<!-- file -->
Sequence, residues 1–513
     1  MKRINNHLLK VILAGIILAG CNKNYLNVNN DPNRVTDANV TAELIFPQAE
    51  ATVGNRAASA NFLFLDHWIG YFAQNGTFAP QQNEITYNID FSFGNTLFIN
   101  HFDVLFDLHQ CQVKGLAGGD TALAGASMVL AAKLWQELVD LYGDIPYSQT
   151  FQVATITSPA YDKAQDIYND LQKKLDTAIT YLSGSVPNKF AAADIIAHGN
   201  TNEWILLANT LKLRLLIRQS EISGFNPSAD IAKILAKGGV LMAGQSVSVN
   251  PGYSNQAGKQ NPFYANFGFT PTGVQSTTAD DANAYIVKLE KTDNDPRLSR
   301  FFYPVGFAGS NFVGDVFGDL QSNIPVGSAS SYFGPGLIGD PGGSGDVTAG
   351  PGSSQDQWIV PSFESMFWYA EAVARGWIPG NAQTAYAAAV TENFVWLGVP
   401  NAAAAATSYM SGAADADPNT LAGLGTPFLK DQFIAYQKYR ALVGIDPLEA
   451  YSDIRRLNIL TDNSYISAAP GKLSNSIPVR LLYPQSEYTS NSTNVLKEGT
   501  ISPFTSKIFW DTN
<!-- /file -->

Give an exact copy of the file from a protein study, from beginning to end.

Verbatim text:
Sequence, residues 1–513
     1  MKRINNHLLK VILAGIILAG CNKNYLNVNN DPNRVTDANV TAELIFPQAE
    51  ATVGNRAASA NFLFLDHWIG YFAQNGTFAP QQNEITYNID FSFGNTLFIN
   101  HFDVLFDLHQ CQVKGLAGGD TALAGASMVL AAKLWQELVD LYGDIPYSQT
   151  FQVATITSPA YDKAQDIYND LQKKLDTAIT YLSGSVPNKF AAADIIAHGN
   201  TNEWILLANT LKLRLLIRQS EISGFNPSAD IAKILAKGGV LMAGQSVSVN
   251  PGYSNQAGKQ NPFYANFGFT PTGVQSTTAD DANAYIVKLE KTDNDPRLSR
   301  FFYPVGFAGS NFVGDVFGDL QSNIPVGSAS SYFGPGLIGD PGGSGDVTAG
   351  PGSSQDQWIV PSFESMFWYA EAVARGWIPG NAQTAYAAAV TENFVWLGVP
   401  NAAAAATSYM SGAADADPNT LAGLGTPFLK DQFIAYQKYR ALVGIDPLEA
   451  YSDIRRLNIL TDNSYISAAP GKLSNSIPVR LLYPQSEYTS NSTNVLKEGT
   501  ISPFTSKIFW DTN